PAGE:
Before you remove your sensible pumps and start battering your monitor, remember that the Visual Thesaurus is descriptive, not prescriptive: it describes and illustrates word associations, rather than telling you which ones should populate your synapses. Associations among English words that denote occupations also reflect an historical bias that isn't necessarily apparent in today's world. In cases like this, the language develops new usages, and language reference works, like the VT, are updated to reflect the changes. To examine this phenomenon, have a look at some words depicting occupations. Bring seamster to the center (reflecting, as you do, that no one actually uses this word) and two synonyms appear: sartor (another obscure word) and tailor. But seamstress, a word with respectable currency today, calls up four synonyms. It seems English speakers expect to see woman with needle in hand more often than man. Another word with asymmetrical associations is foreman: it calls up four respectable synonyms, while forewoman (a word you probably haven't used this week) calls up on forelady - another word with no visible pedigree. But if what you're after is one who supervises or has direction of, you'll find a number of terms that can describe people of both sexes. The same principle applies with chair, which suitably replaces two of its species, chairman and chairwoman.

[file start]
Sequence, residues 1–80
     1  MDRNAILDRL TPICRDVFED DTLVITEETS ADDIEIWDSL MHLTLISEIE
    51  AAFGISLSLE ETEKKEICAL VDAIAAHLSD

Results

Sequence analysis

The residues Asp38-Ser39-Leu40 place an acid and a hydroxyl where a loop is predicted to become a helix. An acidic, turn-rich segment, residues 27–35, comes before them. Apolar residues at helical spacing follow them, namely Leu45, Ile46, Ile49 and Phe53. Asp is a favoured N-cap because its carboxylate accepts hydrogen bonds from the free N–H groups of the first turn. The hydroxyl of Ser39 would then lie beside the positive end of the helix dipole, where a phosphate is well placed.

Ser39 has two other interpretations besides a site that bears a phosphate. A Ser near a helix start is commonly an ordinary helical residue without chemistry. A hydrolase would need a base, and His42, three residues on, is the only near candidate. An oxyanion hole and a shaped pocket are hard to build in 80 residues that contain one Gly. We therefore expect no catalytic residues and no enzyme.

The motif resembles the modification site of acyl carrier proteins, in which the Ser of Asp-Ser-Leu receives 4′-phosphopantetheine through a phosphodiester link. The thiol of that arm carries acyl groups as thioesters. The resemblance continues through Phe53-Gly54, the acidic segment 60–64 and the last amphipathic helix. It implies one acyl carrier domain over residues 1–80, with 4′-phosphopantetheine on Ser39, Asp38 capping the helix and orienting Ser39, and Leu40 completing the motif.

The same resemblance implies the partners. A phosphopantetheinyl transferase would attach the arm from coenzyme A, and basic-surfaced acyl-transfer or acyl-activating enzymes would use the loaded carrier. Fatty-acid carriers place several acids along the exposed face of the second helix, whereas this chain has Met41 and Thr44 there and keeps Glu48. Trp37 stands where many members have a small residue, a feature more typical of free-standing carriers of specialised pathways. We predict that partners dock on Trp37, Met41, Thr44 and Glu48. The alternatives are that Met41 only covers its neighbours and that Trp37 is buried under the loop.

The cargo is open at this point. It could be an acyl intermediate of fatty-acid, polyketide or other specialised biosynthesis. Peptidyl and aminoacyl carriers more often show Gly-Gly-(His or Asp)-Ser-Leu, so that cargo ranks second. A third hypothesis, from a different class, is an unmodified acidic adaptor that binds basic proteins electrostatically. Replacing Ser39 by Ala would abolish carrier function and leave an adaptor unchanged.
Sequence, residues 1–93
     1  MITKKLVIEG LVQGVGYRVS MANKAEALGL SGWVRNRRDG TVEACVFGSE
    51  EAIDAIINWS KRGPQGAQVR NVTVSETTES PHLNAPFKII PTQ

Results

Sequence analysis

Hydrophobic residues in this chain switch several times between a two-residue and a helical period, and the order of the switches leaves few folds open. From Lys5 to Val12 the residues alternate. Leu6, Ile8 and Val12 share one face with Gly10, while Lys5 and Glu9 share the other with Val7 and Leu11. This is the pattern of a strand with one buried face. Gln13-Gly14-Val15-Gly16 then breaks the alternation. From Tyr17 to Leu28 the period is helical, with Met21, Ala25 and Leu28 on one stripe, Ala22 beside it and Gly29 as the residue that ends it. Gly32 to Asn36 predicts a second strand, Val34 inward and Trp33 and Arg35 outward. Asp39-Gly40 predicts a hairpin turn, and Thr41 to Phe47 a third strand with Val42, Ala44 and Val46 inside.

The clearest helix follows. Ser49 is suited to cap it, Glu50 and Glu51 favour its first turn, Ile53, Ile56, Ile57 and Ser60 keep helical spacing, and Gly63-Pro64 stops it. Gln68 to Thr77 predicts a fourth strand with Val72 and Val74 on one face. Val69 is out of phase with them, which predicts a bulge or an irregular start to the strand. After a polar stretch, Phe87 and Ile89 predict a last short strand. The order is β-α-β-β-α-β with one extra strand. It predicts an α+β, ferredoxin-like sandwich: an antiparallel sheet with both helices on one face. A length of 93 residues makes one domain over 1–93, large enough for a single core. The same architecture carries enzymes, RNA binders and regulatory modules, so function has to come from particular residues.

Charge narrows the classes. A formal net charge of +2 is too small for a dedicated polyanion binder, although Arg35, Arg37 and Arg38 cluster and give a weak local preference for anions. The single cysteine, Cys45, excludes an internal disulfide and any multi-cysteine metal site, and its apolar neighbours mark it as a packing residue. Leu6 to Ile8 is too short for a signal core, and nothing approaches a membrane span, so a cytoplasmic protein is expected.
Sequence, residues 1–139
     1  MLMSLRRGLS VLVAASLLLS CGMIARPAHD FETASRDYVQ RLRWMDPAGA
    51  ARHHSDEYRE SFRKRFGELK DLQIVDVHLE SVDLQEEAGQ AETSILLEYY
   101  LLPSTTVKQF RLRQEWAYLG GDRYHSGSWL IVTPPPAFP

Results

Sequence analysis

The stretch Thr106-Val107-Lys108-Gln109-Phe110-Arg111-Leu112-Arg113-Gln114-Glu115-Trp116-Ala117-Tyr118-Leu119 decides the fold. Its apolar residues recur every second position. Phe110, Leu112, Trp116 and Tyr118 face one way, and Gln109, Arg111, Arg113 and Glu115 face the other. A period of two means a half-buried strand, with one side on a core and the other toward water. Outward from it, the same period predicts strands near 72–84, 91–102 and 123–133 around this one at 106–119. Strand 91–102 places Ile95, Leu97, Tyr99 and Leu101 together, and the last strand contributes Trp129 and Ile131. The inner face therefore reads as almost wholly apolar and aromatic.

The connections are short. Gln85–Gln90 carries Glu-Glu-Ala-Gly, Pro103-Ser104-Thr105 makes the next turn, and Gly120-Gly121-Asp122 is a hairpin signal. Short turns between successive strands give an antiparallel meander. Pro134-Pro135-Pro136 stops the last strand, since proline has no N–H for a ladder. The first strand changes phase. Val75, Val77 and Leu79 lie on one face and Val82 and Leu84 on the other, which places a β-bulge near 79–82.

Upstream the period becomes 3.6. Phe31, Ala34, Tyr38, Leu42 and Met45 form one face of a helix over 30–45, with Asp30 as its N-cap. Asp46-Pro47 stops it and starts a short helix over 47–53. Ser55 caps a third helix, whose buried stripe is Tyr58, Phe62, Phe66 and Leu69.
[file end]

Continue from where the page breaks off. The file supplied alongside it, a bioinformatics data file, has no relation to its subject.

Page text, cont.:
Household Drudgery